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Chemical Kinetics

NOTES CONCEPT NOTES

01. Rate of Reaction and Rate Law 02. Integrated Rate Equation 03. Reaction Mechanisms 04. The Arrhenius Equation 05. Miscellaneous Examples

Chemistry / Chemical Kinetics

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Chemical Kinetics

Section - 1 MOTIVATION Consider the following two reactions and their corresponding ∆G° values: (1) 2HCl(aq ) + Mg(OH) 2 ( s ) MgCl 2 (aq ) + 2H 2 O(l ) ∆G ° = −97 kJ/mol → and (2) C(diamond ) + O2 ( g ) CO2 ( g ) →

∆G ° = −397 kJ/mol

RATE OF REACTION AND RATE LAW

In the first reaction, a strong acid reacts with a strong base to form a salt and water (neutralisation reaction.) Its ∆G ° is − 97 kJ/mol i.e., the products are more stable than the reactants. In the second reaction, Carbon in the state of diamond reacts with oxygen to produce carbon dioxide and the measured value of ∆G ° is − 397 kJ/mol . So, in the second reaction, according to thermodynamics, the products acquire a much more stable state as compared to the first reaction. If that is so, then, would it be correct to expect that the second reaction would occur much more rapidly as compared to the first reaction because in the second reaction, the products are becoming much more stabler than their corresponding reactants? Let us investigate. The neutralisation reaction between any strong acid and strong base (an example of which is the first reaction) is found to take place almost instantly as the reactants are brought together to give the products. So, we can say that this reaction is “fast” However, in our day to day life, there are many occasions of diamonds being put on display at museums or jewellery stores where they are exposed to atmosphere which contains oxygen. Since the ∆G° for the reaction is negative we would expect the diamond to react with oxygen to give carbon dioxide spontaneously! But we know that this is not the case at least from our day to day observation. So, is thermodynamics wrong in predicting the negative ∆G° for this reaction? The answer is No. Thermodynamics is correct here but the limitation of thermodynamics lies in the fact that although it can predict if a reaction is favourable or not, it cannot predict the rate at which a reaction would occur if it is favourable. So, although the second reaction does take place, it takes place very slowly. The branch of chemistry that deals with how fast a reaction takes place and so as to why is called Chemical Kinetics.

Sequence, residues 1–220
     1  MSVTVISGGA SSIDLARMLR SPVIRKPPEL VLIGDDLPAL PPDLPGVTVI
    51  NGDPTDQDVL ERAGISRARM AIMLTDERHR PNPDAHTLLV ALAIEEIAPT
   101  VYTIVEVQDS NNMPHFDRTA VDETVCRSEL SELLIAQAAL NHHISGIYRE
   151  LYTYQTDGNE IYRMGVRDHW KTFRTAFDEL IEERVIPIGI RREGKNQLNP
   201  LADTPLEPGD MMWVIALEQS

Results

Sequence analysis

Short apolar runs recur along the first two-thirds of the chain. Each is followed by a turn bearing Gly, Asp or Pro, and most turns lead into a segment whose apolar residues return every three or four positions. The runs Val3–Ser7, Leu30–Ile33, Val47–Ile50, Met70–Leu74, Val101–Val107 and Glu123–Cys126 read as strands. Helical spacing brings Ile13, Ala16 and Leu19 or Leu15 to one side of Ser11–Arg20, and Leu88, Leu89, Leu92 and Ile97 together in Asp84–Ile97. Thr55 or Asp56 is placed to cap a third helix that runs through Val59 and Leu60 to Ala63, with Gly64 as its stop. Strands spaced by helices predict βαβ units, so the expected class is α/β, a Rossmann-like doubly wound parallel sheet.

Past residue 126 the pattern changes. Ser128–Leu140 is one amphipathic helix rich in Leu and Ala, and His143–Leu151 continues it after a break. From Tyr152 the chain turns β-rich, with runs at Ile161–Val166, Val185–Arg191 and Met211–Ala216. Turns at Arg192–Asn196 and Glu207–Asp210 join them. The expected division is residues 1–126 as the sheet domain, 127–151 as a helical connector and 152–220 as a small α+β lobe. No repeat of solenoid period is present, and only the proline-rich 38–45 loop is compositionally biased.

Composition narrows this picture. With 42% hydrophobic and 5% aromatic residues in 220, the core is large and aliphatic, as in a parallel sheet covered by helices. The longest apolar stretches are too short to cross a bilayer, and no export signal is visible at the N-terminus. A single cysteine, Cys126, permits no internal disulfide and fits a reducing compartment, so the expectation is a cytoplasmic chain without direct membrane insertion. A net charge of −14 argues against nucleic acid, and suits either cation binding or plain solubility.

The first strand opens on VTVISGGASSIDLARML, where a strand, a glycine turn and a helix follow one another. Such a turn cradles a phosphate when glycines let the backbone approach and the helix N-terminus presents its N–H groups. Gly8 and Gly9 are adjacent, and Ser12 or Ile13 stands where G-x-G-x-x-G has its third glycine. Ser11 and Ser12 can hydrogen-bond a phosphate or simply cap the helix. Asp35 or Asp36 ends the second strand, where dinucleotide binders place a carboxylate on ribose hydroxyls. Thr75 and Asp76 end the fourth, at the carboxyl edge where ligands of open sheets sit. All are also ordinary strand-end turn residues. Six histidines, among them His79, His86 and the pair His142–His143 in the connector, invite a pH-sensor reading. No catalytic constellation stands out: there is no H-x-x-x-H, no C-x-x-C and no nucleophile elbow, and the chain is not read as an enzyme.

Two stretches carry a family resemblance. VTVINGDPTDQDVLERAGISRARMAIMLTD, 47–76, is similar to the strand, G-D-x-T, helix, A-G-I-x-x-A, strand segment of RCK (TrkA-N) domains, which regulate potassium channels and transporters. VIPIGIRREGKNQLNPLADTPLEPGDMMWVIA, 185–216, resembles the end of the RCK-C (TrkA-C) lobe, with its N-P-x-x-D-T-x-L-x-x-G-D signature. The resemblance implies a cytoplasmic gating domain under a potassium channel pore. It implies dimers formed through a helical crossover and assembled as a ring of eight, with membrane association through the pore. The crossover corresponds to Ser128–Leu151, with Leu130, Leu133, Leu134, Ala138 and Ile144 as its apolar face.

Chemistry / Chemical Kinetics

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INTRODUCTION We are all familiar with processes in which some quantity changes with time–an automobile travels at 40 km/hour, or a factory produces 32,000 tires/day. Each of these ratios is called a rate. The rate of a reaction describes how fast reactants are used up and products are formed. Chemical Kinetics is the study of rates of chemical reactions and the mechanisms (the series of steps) by which they occur. Our experience tells us that different chemical reactions occur at very different rates. For instance, combustion reactions—such as the burning of methane, CH 4 , in natural gas and the combustion of isooctane, C8 H18 , in gasoline—proceed very rapidly, sometimes even explosively. CH 4 (g) + 2O2 (g) CO 2 (g) + 2H 2 O(g) →

2C8 H18 (g) + 25O 2 (g) 16CO 2 (g) + 18H 2 O(g) →

**On the other hand, the rusting of iron occurs only very slowly:
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4Fe(s) + 3O 2 (g) 2Fe 2 O3 (s) →